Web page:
“I wanted to be the first to get to you, before the wolves started to circle,” he said.
Not familiar with that reference, it sounded ominous and negative.
We walked down Outer Drive toward my house, me silent, listening to him talk. The majestic old oak trees shaded our path as we walked, Wax chatting, the drone of his voice comforting. The sense that he only took his eyes off me long enough to keep from tripping drowned out the awareness of everything else. I don’t remember much of what was actually said on that first walk, but I was captivated. I looked up; we were almost to my house.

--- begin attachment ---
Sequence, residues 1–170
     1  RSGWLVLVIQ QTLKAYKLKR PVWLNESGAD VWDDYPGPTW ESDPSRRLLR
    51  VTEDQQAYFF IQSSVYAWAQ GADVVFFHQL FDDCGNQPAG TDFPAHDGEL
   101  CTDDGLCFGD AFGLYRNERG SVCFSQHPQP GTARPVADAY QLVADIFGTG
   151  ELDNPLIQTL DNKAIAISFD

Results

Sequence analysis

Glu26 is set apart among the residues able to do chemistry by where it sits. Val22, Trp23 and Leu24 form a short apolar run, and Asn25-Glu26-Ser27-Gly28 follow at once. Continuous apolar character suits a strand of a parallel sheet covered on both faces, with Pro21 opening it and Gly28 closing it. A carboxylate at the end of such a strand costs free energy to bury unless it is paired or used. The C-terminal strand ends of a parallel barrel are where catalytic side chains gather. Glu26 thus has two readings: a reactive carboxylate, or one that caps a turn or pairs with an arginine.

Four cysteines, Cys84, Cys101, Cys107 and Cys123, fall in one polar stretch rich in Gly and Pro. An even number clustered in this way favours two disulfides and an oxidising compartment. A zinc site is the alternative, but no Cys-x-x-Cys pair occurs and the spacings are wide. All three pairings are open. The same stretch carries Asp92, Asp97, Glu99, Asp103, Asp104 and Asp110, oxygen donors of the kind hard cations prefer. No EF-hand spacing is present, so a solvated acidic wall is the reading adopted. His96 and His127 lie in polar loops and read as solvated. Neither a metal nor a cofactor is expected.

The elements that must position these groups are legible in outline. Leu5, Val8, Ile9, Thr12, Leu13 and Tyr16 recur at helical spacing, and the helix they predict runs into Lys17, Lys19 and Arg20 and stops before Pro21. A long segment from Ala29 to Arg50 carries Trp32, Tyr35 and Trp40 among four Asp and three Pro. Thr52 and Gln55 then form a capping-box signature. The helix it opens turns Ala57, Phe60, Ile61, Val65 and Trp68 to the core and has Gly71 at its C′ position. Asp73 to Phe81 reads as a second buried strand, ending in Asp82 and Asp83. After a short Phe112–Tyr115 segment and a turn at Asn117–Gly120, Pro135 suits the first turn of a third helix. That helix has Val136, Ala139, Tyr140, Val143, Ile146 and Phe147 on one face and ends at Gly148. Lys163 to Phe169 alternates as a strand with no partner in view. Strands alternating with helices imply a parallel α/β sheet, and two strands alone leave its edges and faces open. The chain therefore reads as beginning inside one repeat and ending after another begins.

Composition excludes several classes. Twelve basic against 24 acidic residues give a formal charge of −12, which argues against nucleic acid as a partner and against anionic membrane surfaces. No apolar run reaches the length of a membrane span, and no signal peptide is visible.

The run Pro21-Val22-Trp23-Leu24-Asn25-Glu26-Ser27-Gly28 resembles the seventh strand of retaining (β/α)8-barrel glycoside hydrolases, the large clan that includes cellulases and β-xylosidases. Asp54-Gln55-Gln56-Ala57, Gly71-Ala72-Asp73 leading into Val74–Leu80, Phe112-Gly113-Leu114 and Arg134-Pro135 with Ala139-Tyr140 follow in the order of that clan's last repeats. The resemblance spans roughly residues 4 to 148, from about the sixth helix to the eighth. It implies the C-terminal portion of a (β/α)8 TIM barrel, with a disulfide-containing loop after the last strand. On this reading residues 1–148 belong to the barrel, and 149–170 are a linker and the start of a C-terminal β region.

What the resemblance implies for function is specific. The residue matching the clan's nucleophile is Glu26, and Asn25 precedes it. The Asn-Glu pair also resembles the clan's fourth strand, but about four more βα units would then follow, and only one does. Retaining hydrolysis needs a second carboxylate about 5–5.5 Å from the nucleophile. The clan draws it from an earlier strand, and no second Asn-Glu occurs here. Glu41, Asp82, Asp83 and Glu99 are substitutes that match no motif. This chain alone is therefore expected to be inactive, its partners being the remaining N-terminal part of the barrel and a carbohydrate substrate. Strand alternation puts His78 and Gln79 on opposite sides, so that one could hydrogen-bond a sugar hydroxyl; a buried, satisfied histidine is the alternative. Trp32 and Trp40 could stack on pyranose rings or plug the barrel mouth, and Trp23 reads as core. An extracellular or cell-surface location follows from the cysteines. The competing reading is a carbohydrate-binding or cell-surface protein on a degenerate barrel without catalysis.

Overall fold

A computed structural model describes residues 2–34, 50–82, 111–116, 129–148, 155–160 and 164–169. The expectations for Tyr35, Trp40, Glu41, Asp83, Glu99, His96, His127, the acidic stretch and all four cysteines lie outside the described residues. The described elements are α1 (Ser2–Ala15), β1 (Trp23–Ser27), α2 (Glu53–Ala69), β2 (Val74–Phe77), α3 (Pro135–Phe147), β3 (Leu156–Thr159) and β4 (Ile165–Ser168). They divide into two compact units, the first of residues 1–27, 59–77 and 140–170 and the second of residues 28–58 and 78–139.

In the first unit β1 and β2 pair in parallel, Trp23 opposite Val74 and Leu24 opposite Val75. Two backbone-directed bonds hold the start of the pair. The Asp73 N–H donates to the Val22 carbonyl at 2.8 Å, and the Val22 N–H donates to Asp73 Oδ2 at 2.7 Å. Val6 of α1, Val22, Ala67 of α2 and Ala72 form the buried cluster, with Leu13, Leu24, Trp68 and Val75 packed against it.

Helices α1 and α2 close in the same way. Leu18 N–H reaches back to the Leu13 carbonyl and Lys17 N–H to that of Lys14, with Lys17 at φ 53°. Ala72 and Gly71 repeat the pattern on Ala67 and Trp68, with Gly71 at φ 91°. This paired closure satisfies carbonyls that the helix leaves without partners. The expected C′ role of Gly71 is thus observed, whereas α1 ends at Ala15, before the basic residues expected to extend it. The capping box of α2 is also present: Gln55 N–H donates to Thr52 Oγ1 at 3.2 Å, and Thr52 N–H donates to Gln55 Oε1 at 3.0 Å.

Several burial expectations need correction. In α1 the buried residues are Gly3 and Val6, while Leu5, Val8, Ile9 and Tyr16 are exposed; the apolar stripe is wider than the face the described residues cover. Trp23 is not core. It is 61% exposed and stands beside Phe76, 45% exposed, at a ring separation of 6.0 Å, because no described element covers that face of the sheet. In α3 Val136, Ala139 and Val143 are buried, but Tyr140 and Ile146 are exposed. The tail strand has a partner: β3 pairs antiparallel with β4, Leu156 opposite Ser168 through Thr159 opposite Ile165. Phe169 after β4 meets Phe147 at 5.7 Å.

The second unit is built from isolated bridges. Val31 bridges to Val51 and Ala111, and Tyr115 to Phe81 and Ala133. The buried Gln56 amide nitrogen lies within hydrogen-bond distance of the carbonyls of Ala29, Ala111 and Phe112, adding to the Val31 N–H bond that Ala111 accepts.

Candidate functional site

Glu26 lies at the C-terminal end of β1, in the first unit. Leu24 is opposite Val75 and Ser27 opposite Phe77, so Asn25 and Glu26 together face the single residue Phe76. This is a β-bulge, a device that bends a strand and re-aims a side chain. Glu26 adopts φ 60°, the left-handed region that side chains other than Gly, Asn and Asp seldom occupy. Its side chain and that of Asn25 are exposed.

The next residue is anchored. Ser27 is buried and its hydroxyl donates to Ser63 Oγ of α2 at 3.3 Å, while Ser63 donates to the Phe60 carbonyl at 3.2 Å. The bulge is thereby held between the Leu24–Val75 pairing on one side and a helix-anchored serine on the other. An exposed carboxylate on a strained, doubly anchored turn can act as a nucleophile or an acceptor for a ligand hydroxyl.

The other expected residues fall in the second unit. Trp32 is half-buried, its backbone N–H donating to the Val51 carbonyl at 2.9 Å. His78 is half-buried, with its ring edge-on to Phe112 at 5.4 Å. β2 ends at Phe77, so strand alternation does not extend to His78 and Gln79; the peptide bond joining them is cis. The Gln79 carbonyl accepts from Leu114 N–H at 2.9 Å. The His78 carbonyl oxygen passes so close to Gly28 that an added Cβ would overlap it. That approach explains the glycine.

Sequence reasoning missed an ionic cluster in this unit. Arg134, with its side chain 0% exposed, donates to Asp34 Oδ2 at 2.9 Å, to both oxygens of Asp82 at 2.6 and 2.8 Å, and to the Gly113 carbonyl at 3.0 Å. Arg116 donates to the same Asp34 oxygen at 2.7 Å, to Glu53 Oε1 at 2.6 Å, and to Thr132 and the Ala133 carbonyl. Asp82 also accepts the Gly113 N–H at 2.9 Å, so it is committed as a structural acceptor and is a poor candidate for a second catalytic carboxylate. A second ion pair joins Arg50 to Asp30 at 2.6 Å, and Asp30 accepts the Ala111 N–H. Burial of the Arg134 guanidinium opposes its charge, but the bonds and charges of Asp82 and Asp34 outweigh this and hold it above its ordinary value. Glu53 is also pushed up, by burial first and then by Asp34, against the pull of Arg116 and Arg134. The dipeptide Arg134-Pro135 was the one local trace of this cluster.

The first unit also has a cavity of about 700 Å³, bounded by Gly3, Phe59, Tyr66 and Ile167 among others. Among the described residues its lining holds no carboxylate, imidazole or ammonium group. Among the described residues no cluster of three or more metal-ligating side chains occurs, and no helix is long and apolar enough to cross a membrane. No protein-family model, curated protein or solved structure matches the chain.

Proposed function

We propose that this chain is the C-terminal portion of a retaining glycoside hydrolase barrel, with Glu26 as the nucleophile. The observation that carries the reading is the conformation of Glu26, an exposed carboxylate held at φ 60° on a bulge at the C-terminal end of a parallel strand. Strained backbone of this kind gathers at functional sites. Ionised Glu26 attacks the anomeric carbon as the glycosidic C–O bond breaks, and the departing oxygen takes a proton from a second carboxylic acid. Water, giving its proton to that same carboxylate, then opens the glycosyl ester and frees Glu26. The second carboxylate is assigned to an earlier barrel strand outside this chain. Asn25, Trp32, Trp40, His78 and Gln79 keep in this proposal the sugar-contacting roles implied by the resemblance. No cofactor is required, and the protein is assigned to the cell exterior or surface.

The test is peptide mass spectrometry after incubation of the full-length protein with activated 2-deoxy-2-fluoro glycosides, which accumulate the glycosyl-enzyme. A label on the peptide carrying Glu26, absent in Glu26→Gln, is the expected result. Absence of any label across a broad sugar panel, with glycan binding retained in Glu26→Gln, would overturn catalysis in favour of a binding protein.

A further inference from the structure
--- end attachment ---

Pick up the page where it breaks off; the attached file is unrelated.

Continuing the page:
Soon, the leaves would turn color and fall to the sidewalk. I imagined walking on the leaves, crunching them under my feet. The weather would grow colder and colder, and snow would fall. The thought of having to wear boots and mittens and a heavy overcoat on a warm day like this seemed impossible. I wondered if we would still be walking together in the snow.
“Let’s stop here,” I said when we got to the corner, hoping my mother wasn’t waiting with her eagle eye.
He’d said he lived around the block from me. Again, the idea that I’d lived within shouting distance of him all my life was inconceivable. All I had to do was cross the alley, walk through my backyard and I was home. Reality ended the hypnotic walk. I didn’t see my mother waiting, so Ida and Lynne had been successful.
“Thank you for walking me home.”
Excerpt from Mademoiselle by Suzanne Jenkins
Included in Love in Times of War